23 Person Agreement: Keep the person (I, you, he or she, we, you, they) consistent: I live near to the airport, so when I’m trying to sleep in, the noise of the airplanes taking off and landing keeps you awake. (Why would the noise of the airplanes keep you awake if I’m the one sleeping?) One should always keep your eyes open. (In a sentence such as this one, you may use “you” or “one,” but don’t mix them in the same sentence

24 Modifier Problems Modifiers are words or groups of words that describe, explain, or intensify other words or groups of words Two kinds of modifiers: Adjectives Adverbs

25 Misplaced Modifiers: The modifier is in the wrong position in the sentence. Put the modifier as close as possible to the thing modified I only bought one ice cream cone. (Probably I intend the “only” to modify the “one”.) I bought only one ice cream cone.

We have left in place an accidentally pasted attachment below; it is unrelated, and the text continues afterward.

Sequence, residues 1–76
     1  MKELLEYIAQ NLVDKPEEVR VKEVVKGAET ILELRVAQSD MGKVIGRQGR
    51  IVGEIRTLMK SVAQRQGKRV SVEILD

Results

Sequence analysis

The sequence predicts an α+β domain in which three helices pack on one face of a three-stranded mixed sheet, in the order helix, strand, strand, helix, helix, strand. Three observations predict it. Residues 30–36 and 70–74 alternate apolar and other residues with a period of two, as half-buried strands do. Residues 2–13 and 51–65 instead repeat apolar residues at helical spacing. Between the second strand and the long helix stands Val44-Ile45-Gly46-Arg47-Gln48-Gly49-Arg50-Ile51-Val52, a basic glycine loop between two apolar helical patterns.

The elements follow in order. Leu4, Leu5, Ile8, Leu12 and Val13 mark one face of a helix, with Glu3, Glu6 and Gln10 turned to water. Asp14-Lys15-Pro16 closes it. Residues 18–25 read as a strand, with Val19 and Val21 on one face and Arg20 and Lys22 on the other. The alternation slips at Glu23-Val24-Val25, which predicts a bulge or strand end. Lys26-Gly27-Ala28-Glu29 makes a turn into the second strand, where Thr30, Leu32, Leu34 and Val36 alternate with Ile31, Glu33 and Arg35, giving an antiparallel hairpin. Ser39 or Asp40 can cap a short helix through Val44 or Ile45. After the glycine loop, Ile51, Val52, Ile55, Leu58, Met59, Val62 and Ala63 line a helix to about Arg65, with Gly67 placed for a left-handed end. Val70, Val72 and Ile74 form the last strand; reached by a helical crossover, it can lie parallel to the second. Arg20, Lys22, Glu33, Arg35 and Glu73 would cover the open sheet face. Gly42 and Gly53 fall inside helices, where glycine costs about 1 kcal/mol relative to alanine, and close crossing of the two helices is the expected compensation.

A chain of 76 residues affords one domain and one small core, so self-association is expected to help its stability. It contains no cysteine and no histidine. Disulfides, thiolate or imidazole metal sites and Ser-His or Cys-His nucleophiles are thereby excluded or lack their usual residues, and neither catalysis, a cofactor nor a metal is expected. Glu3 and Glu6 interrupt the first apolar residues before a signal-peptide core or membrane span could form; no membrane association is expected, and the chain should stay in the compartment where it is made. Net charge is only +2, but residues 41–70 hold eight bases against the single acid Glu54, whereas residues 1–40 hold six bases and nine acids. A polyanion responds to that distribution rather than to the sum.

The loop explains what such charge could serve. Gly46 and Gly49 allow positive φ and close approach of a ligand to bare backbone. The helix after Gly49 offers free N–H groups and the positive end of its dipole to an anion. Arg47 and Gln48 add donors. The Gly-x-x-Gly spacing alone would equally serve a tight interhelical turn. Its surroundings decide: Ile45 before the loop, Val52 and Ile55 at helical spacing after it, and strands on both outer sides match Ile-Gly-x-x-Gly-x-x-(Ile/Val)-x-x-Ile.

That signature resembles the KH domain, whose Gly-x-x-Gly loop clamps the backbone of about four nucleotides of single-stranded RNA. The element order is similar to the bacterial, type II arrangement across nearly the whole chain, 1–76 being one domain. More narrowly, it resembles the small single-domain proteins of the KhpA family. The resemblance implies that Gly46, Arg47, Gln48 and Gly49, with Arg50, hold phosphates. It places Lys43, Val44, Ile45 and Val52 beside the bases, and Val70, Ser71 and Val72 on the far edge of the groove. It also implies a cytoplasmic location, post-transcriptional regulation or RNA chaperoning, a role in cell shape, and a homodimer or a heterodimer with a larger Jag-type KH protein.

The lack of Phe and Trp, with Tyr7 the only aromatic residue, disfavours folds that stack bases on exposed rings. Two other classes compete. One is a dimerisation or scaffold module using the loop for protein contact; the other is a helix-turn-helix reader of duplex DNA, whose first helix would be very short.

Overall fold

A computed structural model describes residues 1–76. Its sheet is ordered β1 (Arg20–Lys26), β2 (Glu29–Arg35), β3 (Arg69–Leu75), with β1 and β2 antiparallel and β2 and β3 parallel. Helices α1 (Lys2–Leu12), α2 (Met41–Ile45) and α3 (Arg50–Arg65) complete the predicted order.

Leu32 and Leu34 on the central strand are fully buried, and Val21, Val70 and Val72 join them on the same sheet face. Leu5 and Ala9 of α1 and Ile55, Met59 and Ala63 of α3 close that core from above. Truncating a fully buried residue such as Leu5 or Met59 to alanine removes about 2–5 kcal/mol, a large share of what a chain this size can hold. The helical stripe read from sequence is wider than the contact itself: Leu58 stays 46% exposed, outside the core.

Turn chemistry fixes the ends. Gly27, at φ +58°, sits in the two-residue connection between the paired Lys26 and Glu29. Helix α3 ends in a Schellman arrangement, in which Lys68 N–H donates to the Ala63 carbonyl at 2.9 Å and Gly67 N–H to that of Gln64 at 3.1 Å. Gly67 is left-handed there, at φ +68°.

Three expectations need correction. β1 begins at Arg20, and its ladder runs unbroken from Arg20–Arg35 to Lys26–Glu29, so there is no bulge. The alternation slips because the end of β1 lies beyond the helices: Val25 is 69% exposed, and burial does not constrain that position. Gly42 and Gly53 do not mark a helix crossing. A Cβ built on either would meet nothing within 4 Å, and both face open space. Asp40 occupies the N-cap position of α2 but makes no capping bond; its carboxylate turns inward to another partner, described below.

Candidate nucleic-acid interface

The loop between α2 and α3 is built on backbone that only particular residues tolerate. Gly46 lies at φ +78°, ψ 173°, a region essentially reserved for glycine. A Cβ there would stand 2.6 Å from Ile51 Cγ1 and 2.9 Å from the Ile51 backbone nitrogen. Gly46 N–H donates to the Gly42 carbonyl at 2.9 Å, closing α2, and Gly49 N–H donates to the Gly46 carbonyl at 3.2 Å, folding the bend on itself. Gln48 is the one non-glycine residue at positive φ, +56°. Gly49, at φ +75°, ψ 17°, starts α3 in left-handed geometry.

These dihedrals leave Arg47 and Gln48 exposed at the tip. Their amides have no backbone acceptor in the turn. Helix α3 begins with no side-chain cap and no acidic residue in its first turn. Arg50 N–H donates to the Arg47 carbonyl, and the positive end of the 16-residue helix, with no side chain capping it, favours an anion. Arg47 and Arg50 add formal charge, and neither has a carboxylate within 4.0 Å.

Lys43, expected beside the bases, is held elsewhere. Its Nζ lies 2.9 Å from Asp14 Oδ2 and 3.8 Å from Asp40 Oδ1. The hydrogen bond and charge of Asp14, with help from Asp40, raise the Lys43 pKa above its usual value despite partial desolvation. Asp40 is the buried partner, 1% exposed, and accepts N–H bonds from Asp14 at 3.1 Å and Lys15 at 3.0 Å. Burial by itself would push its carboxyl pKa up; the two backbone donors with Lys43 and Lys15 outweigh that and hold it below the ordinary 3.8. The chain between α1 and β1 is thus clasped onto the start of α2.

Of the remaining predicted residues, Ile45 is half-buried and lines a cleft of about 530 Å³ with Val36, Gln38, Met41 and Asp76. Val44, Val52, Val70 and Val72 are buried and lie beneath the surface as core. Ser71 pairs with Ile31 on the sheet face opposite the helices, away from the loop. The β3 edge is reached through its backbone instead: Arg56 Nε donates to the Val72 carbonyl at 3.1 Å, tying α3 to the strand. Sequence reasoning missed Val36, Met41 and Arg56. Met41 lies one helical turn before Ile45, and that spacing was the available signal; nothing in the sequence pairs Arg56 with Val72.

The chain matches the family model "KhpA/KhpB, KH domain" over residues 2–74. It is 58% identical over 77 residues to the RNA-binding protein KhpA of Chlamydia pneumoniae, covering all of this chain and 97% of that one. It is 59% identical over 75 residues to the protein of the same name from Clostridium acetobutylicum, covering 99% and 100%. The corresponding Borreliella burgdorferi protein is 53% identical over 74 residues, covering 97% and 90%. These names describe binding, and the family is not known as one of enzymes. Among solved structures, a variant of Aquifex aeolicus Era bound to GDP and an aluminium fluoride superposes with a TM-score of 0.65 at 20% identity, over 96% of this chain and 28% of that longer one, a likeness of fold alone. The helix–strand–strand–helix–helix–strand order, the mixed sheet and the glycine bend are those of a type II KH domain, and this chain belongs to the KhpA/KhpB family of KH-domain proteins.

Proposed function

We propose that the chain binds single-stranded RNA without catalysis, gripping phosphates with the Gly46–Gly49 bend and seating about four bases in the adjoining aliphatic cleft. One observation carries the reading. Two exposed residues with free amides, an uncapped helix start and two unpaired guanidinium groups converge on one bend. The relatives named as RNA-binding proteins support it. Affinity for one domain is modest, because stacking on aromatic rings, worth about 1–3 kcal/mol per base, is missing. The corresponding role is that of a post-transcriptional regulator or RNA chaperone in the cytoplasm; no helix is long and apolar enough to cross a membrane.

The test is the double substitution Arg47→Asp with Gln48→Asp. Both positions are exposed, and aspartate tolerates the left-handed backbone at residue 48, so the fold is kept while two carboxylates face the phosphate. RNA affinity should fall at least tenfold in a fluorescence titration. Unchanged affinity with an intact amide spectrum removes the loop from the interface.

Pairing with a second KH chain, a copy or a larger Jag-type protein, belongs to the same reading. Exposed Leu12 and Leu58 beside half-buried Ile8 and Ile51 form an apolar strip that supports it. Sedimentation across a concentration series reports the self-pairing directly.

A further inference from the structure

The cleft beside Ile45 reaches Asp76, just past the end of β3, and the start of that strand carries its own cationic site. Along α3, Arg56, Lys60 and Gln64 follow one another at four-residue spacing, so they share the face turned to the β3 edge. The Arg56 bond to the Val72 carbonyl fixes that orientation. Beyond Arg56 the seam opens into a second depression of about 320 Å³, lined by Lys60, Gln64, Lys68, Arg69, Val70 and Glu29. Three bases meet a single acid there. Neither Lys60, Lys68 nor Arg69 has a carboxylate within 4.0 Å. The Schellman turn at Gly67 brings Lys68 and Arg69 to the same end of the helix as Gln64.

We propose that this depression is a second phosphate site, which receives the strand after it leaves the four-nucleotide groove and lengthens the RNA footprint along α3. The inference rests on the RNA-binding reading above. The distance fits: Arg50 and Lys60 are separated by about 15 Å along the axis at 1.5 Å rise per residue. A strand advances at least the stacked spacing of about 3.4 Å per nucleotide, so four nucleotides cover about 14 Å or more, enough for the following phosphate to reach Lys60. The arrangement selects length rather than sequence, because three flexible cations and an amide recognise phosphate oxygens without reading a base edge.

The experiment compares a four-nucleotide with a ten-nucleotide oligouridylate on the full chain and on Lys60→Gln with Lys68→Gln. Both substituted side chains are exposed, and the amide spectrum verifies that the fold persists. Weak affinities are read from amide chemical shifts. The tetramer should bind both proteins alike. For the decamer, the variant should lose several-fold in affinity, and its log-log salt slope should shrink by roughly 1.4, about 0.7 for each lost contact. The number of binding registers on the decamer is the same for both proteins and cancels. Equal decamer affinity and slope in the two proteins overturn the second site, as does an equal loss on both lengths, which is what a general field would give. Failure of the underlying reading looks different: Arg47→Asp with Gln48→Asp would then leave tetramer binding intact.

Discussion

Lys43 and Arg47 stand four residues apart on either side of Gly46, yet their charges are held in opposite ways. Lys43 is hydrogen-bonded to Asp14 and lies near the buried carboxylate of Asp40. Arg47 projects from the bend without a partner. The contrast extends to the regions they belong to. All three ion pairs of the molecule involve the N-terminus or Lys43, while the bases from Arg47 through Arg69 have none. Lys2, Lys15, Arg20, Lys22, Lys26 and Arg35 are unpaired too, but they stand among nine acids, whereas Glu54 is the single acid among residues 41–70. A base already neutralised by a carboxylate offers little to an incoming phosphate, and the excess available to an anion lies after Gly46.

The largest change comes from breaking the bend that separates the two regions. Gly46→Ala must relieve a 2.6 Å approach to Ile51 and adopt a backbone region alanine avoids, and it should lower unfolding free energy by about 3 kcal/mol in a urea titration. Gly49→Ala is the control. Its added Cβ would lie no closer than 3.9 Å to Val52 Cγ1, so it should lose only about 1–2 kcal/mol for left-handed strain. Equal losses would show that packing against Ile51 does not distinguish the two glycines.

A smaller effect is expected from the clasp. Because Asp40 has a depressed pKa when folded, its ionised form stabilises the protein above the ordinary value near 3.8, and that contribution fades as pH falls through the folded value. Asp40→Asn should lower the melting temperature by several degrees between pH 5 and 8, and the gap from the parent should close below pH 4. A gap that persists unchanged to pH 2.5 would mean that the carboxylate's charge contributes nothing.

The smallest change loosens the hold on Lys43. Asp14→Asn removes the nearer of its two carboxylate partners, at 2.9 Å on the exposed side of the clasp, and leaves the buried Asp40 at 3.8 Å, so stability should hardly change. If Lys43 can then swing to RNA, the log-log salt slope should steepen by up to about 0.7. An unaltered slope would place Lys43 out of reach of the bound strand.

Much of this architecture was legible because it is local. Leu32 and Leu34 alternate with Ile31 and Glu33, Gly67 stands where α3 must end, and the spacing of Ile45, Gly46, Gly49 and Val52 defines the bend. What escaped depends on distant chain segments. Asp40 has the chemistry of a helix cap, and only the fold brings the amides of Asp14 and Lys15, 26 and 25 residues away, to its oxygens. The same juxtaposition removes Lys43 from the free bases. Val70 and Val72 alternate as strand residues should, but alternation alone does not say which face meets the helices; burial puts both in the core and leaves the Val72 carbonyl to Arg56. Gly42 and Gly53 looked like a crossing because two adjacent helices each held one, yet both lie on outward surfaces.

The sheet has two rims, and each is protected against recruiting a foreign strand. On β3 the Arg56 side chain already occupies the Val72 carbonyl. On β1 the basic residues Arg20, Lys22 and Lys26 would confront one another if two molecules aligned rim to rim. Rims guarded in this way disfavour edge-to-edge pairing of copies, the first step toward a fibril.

26 Dangling Modifiers: The modified element, though implied, is not actually given in the sentence Driving the tractor in the field, a new-born calf lay in the grass. (Since the calf can’t drive a tractor, this sentence doesn’t make sense. Who saw the calf? Who was driving?) Driving the tractor in the field, Mary found a new-born calf lying in the grass.

27 Lack of Parallelism Lack of parallelism can occur when you’re using lists or series of items Whenever you are speaking of more than one item, place them all in the same grammatical form (nouns with nouns, adjectives with adjectives, “ing” words with “ing” words, etc.)

28 Professionals include teachers and people who fix teeth.
Professionals include teachers and dentists. I like swimming, skiing, and to paint. I like swimming, skiing, and painting. He’s handsome, and has intelligence too. He’s handsome, and intelligent too.